On the one hand, it might make me seem poncey. Since I don’t know what poncey means, I will blindly accept it as a wholly flattering thing to be, and assume that using cucumber will make me sophisticated, aristocratic and witty. And maybe French.

On the other hand, I don’t own the aforementioned estate on which to be poncey, so I might be found out as a colonial rube aping my betters. Sheesh - I didn’t even know what a salmon sandwich was supposed to be!
BTW, I have foil pouches of salmon, which seems to be the latest innovation in fish-canning technology. Tear off top, no liquid to drain, no spinal column to remove. Supposedly no tinny taste.

From the English to American Dictionary :

ponce n. 1. A man who is pretentious in an effeminite manner. Ponces (quite often referred to using the phrase perfume ponce) tend to grown their hair quite long and talk loudly into their mobile phone while sitting at the traffic lights in their convertible Porsche. Describing a place as “poncy” would imply that these sorts of punters made up the bulk of its clientele. 2. To scrounge - i.e. “can I ponce a cigarette off you?”. I’m told that the word originally meant living off the earnings of prostitution.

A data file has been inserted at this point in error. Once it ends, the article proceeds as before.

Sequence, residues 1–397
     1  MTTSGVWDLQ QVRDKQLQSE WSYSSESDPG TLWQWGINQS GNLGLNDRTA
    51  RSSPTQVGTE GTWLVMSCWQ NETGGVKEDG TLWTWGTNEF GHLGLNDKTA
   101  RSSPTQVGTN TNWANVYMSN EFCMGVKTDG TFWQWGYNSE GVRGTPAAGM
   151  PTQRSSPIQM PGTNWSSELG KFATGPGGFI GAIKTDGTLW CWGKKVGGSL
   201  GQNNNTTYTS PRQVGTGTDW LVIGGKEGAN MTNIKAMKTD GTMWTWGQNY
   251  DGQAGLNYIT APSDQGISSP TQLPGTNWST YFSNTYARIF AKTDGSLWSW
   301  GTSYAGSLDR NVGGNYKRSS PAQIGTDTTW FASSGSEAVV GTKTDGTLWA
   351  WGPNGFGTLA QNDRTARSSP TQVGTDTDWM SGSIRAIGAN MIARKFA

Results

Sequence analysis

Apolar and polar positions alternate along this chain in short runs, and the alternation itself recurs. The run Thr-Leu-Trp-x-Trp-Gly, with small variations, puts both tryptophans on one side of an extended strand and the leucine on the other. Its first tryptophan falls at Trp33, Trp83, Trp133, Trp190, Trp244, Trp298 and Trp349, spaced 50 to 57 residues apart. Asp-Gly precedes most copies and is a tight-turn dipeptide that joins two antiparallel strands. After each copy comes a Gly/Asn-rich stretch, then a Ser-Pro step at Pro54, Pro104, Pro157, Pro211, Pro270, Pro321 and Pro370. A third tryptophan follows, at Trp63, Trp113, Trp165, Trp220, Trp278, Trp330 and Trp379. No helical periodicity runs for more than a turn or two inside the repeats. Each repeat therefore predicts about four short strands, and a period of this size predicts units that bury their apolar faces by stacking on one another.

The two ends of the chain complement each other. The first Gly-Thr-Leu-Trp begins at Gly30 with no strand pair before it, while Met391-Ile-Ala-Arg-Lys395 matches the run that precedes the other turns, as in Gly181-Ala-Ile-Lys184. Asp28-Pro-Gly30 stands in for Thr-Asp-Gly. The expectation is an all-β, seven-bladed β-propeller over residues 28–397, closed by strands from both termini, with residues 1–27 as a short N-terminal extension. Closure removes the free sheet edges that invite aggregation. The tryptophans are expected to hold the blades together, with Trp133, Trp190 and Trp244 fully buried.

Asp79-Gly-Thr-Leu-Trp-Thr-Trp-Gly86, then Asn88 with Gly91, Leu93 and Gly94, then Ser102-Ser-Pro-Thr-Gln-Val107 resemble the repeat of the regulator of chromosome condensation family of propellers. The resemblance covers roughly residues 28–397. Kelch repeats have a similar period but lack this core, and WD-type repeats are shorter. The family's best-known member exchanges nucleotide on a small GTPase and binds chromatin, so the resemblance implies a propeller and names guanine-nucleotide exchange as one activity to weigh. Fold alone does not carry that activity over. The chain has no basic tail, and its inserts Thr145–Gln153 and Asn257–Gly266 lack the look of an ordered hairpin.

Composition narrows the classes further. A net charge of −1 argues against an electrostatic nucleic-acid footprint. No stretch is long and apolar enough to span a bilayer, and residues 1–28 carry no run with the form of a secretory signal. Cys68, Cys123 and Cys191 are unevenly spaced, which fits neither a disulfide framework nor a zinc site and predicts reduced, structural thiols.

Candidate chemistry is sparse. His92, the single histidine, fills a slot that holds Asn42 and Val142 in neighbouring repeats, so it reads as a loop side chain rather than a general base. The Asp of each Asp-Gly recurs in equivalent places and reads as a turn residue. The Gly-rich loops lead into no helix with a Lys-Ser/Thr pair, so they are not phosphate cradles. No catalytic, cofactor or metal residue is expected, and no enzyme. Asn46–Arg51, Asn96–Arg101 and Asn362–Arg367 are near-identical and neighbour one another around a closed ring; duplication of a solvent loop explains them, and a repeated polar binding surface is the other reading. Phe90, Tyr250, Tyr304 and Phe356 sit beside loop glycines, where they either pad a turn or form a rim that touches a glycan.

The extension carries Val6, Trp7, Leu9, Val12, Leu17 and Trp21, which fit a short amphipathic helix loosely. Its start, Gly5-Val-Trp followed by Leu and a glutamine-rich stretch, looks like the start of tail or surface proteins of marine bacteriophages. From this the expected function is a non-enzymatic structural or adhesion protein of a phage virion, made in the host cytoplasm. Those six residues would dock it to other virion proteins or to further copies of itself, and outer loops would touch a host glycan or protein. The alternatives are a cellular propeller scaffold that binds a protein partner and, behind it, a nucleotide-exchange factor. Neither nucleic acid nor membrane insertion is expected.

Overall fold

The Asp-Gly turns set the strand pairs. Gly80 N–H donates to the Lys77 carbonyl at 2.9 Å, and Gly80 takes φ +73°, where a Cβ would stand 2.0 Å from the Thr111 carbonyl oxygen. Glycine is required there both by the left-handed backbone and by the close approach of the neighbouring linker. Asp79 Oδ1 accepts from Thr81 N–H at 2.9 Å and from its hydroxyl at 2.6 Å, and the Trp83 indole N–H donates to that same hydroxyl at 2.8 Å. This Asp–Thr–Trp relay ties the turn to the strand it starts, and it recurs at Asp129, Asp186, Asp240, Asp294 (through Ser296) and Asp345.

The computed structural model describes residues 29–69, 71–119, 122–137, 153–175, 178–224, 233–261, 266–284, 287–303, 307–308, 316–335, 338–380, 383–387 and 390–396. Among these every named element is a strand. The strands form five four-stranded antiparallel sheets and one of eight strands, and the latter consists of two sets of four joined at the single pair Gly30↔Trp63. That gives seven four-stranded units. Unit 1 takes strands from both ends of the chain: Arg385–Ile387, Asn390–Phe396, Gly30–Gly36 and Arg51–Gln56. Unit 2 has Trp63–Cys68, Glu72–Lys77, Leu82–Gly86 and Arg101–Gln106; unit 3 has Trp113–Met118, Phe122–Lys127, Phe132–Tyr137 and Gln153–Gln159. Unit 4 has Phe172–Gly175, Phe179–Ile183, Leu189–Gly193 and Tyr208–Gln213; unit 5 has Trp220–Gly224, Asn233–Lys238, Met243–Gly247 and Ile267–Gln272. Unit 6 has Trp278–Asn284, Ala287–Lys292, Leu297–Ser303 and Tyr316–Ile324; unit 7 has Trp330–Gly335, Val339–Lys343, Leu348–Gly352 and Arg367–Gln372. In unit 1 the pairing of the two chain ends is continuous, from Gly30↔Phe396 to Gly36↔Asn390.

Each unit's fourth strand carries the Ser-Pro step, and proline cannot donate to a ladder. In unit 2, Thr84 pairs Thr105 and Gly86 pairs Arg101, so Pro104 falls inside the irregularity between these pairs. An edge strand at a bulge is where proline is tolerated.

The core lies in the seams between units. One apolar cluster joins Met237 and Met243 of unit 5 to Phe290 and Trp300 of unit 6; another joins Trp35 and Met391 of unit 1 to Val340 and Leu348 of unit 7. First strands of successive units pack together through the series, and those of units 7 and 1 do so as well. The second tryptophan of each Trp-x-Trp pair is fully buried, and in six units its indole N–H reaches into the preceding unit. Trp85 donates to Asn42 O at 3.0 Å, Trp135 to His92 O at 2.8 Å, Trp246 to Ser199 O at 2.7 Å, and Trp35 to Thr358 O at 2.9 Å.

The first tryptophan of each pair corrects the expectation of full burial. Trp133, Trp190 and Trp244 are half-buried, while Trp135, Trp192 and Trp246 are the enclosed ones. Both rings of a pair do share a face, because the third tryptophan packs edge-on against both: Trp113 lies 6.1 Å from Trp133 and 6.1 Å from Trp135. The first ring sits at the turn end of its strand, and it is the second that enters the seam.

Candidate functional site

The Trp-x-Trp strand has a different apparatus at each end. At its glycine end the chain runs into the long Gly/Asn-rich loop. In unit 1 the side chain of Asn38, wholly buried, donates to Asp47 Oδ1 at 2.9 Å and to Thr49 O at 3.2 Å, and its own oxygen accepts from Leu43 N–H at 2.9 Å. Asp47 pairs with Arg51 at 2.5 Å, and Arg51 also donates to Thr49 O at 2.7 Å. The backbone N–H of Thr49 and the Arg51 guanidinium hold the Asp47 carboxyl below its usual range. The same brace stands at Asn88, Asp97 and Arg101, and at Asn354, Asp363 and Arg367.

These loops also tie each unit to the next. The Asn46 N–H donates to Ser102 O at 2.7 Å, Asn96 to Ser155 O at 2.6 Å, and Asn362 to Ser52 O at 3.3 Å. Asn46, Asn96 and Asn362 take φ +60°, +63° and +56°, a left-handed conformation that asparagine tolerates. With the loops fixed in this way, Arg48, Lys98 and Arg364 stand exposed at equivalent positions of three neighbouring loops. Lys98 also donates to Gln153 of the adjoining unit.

Indeed a ponce is all of the above as well as being a term or what colonials call a pimp.

Cucumber in sandwiches is poncey - Branston pickle or Daddies sauce is not (although not recommended for salmon). A gerkin wouldn’t be poncey.

Basically it come down to this:

Not poncey: Tinned salmon (which is cheap and a bit ropey to be honest) on white bread - no cucumber. Crust still on, and definately not cut into triangles.

Poncey: Pretty much anything else.

This referes to a smoked salmon sandwich. You must use brown bread, plenty of smoked salmon, some capers and either cream cheese or creme fraiche to taste.

In other words - it’s just like a bagel, except it’s a sandwich.

What no-one has explained so far is that salmon used to be a very expensive fish. They were caught in fresh water by line only. Wasting such a fish in a sandwich of all things was a sign that you had more money than you knew what to do with.